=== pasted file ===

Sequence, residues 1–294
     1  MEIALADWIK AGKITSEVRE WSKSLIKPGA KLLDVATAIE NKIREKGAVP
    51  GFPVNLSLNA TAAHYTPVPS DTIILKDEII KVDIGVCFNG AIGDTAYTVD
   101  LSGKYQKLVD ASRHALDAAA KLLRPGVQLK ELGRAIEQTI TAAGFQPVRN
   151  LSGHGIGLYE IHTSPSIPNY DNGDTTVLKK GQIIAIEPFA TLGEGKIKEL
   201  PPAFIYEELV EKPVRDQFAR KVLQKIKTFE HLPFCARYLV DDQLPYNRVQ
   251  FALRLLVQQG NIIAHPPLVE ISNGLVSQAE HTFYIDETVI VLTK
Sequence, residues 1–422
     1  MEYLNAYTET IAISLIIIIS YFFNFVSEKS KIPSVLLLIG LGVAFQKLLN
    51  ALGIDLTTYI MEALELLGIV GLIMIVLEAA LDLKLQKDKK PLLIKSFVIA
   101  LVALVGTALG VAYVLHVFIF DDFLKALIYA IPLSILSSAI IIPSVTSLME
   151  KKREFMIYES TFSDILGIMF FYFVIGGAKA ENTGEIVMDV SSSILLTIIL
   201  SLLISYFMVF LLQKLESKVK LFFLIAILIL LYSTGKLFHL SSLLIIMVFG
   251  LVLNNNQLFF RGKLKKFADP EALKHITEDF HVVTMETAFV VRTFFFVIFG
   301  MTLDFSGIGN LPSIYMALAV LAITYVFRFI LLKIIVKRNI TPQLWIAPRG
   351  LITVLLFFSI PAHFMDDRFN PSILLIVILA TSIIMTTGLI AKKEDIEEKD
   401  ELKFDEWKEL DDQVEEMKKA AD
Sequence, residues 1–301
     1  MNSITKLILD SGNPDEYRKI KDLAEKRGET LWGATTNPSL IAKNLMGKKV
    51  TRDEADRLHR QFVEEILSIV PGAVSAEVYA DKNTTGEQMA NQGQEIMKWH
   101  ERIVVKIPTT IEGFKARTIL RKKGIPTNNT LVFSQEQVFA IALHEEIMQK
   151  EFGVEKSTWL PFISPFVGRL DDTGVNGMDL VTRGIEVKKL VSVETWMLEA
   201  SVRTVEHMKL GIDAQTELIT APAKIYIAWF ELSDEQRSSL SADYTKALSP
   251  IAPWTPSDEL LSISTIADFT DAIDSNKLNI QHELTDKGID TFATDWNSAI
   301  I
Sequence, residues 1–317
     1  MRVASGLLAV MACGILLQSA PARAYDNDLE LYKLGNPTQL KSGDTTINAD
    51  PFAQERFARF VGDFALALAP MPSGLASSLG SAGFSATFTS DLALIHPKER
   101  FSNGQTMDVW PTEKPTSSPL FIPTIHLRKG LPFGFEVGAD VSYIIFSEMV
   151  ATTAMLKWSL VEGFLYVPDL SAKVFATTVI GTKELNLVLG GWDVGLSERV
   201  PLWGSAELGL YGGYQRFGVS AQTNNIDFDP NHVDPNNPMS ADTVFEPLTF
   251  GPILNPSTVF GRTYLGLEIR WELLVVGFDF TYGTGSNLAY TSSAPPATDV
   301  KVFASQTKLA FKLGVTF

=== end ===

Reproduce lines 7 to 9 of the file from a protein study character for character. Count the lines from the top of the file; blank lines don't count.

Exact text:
   251  FALRLLVQQG NIIAHPPLVE ISNGLVSQAE HTFYIDETVI VLTK
Sequence, residues 1–422
     1  MEYLNAYTET IAISLIIIIS YFFNFVSEKS KIPSVLLLIG LGVAFQKLLN